Tragedy on road claims lives of teens
This week, the Iron Mountain Daily News reported the tragic loss of two Kingsford High School seniors killed in a crash Saturday.
Authorities said Taylor Bosley, 18, was driving north on M-95 near the Marquette County line when she lost control of the vehicle and crossed the center line, colliding with a southbound vehicle.
Both Bosley and 17-year-old Jolene Treml were pronounced dead at the crash site.
We would like to extend our deepest condolences to the families at this time. We cannot imagine the pain you are enduring. But, the Upper Peninsula is a community with a strong bond, and you should know that you are in the thoughts and prayers of many.
As the article implied, these were two very bright, beautiful and ambitious girls who had their whole lives ahead of them.
The article stated Treml and Bosley were on their way to a high school hockey game at the time of the crash. As we know, one of the greatest challenges U.P. residents face during the winter months is that road conditions can change as quickly as the weather does, and they often become very unpredictable.
Some statistics from the website SafeWinterRoads.org truly illustrate the need for caution when driving during the winter months:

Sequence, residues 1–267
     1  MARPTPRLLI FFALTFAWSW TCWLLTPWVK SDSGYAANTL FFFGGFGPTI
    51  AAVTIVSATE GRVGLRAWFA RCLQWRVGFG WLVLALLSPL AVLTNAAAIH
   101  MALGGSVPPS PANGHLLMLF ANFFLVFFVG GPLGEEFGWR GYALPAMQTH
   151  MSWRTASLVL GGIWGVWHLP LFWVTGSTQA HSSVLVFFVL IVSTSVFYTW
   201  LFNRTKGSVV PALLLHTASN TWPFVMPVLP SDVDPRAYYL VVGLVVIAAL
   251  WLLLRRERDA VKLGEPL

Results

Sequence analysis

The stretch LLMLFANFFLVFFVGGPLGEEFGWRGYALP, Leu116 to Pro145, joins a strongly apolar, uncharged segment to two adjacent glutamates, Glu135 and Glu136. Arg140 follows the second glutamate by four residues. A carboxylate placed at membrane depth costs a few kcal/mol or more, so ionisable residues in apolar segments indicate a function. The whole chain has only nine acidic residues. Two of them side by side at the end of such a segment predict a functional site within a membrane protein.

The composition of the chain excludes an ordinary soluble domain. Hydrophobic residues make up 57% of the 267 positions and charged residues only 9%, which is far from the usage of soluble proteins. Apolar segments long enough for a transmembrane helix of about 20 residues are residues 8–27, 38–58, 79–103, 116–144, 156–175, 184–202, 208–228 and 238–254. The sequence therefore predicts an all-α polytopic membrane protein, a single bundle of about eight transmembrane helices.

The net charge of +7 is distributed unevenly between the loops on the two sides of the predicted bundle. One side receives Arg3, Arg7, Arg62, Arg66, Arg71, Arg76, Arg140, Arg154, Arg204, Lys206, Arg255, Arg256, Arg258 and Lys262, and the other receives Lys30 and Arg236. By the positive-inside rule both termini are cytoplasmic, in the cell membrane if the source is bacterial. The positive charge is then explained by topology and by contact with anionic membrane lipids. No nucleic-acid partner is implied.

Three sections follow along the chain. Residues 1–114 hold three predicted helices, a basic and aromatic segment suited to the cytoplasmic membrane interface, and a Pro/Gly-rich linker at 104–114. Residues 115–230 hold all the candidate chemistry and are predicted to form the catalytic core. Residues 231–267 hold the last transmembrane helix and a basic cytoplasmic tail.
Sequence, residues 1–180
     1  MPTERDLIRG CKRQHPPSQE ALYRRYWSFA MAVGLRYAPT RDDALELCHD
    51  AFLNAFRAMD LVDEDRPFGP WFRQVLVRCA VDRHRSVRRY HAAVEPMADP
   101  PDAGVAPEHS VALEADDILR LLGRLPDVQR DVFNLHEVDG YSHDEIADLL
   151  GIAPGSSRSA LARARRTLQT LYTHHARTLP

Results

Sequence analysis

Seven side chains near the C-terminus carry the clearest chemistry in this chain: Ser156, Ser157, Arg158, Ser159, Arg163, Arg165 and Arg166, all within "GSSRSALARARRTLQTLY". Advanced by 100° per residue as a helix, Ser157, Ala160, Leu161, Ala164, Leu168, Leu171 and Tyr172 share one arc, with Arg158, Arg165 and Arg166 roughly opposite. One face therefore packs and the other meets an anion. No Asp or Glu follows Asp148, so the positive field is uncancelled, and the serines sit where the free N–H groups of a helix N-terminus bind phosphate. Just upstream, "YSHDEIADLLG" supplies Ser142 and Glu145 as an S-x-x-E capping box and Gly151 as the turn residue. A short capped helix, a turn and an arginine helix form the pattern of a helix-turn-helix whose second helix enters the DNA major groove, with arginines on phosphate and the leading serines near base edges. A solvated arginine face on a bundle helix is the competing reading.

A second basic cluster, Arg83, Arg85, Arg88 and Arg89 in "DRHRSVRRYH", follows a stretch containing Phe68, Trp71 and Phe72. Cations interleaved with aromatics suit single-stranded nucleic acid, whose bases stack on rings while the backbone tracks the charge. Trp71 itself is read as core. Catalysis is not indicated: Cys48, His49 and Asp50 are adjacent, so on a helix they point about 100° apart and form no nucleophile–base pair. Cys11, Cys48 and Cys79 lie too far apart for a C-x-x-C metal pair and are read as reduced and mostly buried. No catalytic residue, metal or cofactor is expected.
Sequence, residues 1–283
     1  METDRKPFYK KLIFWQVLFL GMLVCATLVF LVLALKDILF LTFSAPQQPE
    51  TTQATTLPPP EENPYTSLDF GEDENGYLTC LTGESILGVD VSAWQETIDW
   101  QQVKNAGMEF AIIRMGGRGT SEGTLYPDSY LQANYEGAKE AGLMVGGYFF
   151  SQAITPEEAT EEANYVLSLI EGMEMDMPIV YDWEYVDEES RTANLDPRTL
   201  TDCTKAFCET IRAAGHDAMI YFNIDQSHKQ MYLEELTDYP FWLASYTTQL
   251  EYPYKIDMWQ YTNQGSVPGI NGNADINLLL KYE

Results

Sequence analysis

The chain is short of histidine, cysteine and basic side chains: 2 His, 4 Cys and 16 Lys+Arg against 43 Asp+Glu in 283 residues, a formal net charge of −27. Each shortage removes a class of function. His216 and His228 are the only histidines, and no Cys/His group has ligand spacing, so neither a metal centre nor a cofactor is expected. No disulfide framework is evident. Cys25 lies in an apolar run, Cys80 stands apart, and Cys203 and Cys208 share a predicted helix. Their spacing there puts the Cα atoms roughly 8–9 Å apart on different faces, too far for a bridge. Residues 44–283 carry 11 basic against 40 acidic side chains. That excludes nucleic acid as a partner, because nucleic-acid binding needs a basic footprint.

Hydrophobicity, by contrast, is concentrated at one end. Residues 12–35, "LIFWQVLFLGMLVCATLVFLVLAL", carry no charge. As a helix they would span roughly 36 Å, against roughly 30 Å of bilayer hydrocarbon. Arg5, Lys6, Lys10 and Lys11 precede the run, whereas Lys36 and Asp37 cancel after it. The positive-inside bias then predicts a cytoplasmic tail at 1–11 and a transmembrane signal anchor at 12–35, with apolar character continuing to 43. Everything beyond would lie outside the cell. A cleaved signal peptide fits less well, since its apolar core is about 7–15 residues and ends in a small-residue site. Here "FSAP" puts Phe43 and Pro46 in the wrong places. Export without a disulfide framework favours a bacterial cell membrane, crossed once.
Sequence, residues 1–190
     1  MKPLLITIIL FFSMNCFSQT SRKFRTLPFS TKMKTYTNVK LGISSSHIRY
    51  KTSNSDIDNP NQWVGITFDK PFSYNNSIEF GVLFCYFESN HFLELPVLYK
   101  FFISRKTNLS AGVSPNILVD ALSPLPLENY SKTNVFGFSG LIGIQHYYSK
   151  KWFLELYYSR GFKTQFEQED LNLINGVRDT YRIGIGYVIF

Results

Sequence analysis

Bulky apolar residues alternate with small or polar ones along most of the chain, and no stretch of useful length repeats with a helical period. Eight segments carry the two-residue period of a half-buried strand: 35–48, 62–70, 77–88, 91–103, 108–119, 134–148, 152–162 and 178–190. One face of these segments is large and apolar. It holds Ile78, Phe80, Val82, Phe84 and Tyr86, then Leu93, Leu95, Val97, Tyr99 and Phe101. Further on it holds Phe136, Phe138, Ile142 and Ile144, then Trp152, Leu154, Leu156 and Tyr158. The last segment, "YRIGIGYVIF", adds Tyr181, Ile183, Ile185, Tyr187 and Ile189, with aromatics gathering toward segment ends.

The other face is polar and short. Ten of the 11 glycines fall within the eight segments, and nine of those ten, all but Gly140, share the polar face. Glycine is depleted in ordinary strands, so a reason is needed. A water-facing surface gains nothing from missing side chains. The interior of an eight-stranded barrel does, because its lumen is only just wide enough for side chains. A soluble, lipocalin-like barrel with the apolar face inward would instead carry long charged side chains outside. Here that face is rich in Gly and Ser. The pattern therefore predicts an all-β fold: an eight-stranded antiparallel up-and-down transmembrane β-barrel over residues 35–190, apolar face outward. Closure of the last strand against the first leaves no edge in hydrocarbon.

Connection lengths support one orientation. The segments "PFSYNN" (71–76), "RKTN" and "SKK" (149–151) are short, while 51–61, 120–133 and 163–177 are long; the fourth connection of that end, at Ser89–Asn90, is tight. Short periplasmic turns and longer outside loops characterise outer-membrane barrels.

•According to the Federal Highway Administration, 70 percent of the nation’s roads are located in snowy regions.
•Nearly 70 percent of the U.S. population lives in these snowy regions.
•About 70 percent of the accidental deaths that occur in the wintertime happen in automobiles.
We want to remind readers that caution comes first and foremost when dealing with Michigan roads, especially during winter months.
The FHA said speeds are reduced by 3 to 13 percent in light snow and by 5 to 40 percent or more in heavy snow and ice, depending on how bad conditions are.
As reported in a 2016 article by the Detroit Free Press, Michigan had the highest yearly average nationwide for winter weather-related crash fatalities from 2011 to 2013.
In the wake of this tragedy, we must remind travelers to give themselves plenty of extra driving time when bad weather strikes.
Even the most experienced drivers can be caught off-guard in snow and ice.